But even with all this, it turns out much of the critical sniping is spot-on with my own opinion. The camera IS pretty effin' bad. I read a lot of 'kills you during critical jumps' complaints, but actually since you can have go pretty slowly and carefully you almost always have time to swing the camera around with the d-pad. If anything, actual onscreen visibility was more of a problem when making harrowing jumps. The game is dark, so the questions of whether you need to jump or where you could safely land seemed to crop up periodically. My problem with the camera was during combat. It tries to keep the same perspective as it does during most of the exploration time, but this is not the best choice in a fight in this particular game, especially where multiple enemies are involved. Honestly, the camera chooses not to be helpful even in battles with a single large beastie. I spent more effort trying to run and keep the camera facing the foe, than I did dodging or shooting paint. The battles aren't actually all that hard, but making the view work for you is an additional challenge that just did NOT need to be there. If I'd had a say in this particular aspect of the game, it'd have been to probably zoom out and up to give a higher, more encompassing isometric view, sort of like Powerstone 2. You'd sacrifice some detail during battles, but you'd know where everyone was at all times, and not have to fuck with camera facing. Again, this is a fault that is manageable, but because you're under duress in the battles, managing the camera while trying to dodge and shoot will seem a lot like patting your head and rubbing your tummy at the same time while driving a car in traffic.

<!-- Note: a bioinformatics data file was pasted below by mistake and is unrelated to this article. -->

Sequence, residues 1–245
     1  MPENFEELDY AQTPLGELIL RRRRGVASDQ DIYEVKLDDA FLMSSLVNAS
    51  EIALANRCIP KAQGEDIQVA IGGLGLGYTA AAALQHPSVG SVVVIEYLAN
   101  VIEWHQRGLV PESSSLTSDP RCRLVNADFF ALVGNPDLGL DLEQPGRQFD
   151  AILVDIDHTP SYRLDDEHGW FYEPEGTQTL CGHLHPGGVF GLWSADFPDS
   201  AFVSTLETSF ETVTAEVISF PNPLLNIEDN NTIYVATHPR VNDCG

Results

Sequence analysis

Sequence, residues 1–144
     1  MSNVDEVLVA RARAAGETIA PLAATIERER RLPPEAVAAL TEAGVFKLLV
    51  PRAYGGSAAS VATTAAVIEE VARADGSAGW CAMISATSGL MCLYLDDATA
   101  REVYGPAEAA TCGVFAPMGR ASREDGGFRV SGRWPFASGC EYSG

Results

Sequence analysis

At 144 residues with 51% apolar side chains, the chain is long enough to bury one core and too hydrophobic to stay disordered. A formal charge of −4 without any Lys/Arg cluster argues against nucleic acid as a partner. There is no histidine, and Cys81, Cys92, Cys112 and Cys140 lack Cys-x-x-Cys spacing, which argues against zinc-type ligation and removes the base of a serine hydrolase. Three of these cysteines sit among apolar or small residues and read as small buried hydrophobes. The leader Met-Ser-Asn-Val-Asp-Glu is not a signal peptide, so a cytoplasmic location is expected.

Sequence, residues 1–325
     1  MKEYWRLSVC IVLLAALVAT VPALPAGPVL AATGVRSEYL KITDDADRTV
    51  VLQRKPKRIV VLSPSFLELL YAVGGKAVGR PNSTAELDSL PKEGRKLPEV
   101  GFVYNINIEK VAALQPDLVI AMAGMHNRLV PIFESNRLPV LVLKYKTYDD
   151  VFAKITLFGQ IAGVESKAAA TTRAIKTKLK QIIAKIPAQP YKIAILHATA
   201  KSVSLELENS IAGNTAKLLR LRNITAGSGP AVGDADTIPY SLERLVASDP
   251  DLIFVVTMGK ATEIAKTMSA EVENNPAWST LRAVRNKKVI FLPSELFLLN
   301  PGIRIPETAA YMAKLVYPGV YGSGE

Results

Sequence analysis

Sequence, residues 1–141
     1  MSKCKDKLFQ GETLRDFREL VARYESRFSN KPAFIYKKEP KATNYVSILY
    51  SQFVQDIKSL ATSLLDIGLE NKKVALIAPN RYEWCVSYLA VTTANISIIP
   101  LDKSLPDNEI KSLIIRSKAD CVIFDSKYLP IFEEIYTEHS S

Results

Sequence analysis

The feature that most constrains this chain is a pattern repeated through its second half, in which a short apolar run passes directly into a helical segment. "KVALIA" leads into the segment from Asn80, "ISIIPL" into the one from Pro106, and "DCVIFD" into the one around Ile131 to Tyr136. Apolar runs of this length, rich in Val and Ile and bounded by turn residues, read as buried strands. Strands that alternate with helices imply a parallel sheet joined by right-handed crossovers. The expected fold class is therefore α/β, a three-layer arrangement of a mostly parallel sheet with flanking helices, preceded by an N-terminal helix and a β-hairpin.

Even THAT is actually not the games biggest fault though. Some reviewers refer to 'tedious fetch-quests'. And boy are they right. That's all this game really is. I bitched about the fights up above, but they only constitute a fraction... a frustrating fraction... of the overall game time. Everyone in the game has some goshdamn thing or other that they need you to do. And you will back track over and over again, to make things happen for the NPCs. And many of the deeds have multiple layers. So you might have to ferry ingredients back and forth between two locations more than once, or have the same mission repeat but with a bit more challenge. You learn several of the levels and their connecting 2D stages far more than you'll want to. You'll be able to navigate 'em with a blindfold on. Bafflingly (and also frustrating) there are a number of levels you CANNOT get back to. So if you fuck up a quest, you're done. I don't have a problem with that, but trying not to use the guide, I didn't know if I exited certain levels I'd never be able to get back... because many levels you can. Ugh. Points I guess for so much non-violent challenge. But it's a challenge just staying awake or maintaining interest in monotonous tasks, finding another flower or rounding up more annoying Bunny Children.